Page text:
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On the left and to the side of the cockpit, you’ll find an animated throttle lever, brake lever, rotor trim switch, pre-rotation lever, pitch and roll stick, mixture lever, and a rotor brake lever. These all have varying levels of animation included and are relatively easy to access. 
Texturing is done to a reasonably high standard and whilst certainly not the best I have seen, is perfectly adequate for this type of aircraft. Metallic, plastic and fibreglass components are all distinguishable from each other, with my only real complaint being that they are slightly low in resolution.  Overall, sitting in the cockpit of the M-16 is a highly enjoyable and authentic experience. 


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Flight Model
I’ve never actually flown in an autogyro before, so I have no idea what their real-world flight characteristics are like, but if their performance is anything like the M-16, then it’s no wonder people enjoy flying them! I must say, it did take quite a few attempts to learn how to control the model, but once I got a rough idea of how things worked, I found the aircraft remarkably stable in the air and easy to fly. Taking off in the autogyro is probably the most difficult phase of flight to master, as is landing, but with practice, I can see it becoming almost second nature. I would advise against using the mouse and keyboard for your control inputs as it will only cause frustration. In my opinion, a dedicated flight controller makes the most sense, as it allows you to control more things at once. So yes, whilst the M-16 looks simplistic, be prepared to spend some time learning how to control the model. 


M16 - 2022-07-28 13.35.41.jpgM16 - 2022-07-28 13.36.01.jpgM16 - 2022-07-28 13.40.06.jpg

M16 - 2022-07-28 13.46.08.jpgM16 - 2022-07-28 13.49.23.jpgM16 - 2022-07-28 13.51.27.jpg

Only a few sound samples are included in the package, but what there are, worked well. I observed no engine looping and at no time did the drone of the engine get in the way of my enjoyment.  


Contained within the package are three high-quality PDF documents, the first of which covers the model in X-Plane, whilst the other two are related to the real M-16. I found all three to be very helpful as they guided me through the initial stages of operating the autogyro. Again, considering the relatively simplistic nature of the model, I was pleasantly surprised by their overall quality. 


This was an interesting package to review as I was unfamiliar with both the autogyros and the airports contained within. However, having now had time to try out both thoroughly, I now feel I am reasonably qualified to provide an accurate summing up of each.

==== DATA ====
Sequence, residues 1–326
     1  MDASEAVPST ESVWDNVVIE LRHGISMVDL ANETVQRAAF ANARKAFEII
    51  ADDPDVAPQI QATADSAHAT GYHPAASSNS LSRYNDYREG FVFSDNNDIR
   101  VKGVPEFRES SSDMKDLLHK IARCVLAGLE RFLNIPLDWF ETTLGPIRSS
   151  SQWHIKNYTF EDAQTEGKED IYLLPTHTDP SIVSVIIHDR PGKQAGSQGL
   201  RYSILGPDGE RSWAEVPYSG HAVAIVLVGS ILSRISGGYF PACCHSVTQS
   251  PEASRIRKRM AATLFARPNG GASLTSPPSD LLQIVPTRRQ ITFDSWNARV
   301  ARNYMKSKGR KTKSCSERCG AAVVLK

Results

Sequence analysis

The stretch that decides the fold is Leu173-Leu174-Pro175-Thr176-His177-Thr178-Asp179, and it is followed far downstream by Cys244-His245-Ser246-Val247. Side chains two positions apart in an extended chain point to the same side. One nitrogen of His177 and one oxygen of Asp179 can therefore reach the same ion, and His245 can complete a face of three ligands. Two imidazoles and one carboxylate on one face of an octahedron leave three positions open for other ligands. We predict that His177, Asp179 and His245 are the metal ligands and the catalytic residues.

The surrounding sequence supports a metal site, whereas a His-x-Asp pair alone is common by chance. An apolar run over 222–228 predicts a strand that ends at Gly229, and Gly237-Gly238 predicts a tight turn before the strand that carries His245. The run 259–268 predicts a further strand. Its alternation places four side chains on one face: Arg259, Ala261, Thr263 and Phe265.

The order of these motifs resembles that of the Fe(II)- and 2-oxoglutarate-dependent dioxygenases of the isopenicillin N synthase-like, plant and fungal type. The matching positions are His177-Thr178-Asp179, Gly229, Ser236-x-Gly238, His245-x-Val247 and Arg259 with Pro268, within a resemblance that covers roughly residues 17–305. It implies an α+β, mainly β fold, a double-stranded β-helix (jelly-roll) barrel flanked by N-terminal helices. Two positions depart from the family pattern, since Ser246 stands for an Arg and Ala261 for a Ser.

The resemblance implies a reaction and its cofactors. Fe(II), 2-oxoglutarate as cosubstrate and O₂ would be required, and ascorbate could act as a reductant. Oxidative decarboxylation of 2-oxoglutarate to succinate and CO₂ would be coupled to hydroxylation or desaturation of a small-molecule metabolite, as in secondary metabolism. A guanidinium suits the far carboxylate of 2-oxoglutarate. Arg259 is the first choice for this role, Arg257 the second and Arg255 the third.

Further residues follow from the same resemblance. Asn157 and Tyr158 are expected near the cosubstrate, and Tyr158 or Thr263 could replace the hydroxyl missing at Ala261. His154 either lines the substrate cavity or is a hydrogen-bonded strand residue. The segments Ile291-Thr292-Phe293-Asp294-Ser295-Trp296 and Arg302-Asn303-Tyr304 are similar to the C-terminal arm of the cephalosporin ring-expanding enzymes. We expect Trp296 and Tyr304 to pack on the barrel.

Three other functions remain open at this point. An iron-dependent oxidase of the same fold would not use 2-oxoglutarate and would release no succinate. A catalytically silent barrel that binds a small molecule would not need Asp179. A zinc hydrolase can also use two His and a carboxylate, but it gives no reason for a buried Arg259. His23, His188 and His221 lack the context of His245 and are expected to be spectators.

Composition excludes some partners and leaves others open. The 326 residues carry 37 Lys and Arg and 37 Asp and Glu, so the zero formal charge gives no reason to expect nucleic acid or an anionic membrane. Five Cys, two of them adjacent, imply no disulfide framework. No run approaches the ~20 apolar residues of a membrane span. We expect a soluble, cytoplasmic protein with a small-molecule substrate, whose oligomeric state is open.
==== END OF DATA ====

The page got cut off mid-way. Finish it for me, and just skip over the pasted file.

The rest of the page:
Starting with the M-16 Tandem Trainer and I must say I was impressed with how this model both looked and performed. Initially, I was unsure of how I would get on with the model, especially considering my lack of knowledge or flight experience regarding autogyros. However, after only a few flights, my doubts and fears disappeared, as I found the M-16 incredibly enjoyable. I would be lying if I said there wasn’t a learning curve involved, but you know what they say…the best things come to those who wait.


M16 - 2022-07-28 21.10.05.jpgM16 - 2022-07-28 21.13.49.jpgM16 - 2022-07-28 21.14.43.jpg

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So, what about the two included sceneries in the package? Well, Cortina d’Ampezzo airport is certainly the most impressive of the two, not only by looks but also by its location. In fact, most of my flights in the M-16 Tandem Trainer were from this airport, so this should give you some idea. 


Overall, I thoroughly enjoyed this package as it offered something quite different to what I am used to. In many ways I found this to be quite refreshing, as it provided a challenge that other larger aircraft would perhaps fail to meet. As a result, if like me you fancy trying and exploring something different, then I highly recommend this little addition by 3Dreal.






The Magni M-16 and M-22 Gyrocopters package by 3DReal is now available from the X-Plane.Org Store here:


Magni M-16 and M-22 Gyrocopters

Price at time of writing US$21.00



X-Plane 11
Windows, Mac or Linux
4 GB VRAM Minimum - 8 GB+ VRAM Recommended
Download Size: 250 MB
Current Version: 1.0 (August 11th 2021)


Review System Specifications:

Windows 10 64 Bit
Intel Core i5-3350p
CPU @ 3.10 GHz


Aircraft Review by Paul Mort
28th July 2022
Copyright©2022: X-Plane Reviews

(Disclaimer. All images and text in this review are the work and property of X-PlaneReviews, no sharing or copy of the content is allowed
without consent from the author as per copyright conditions)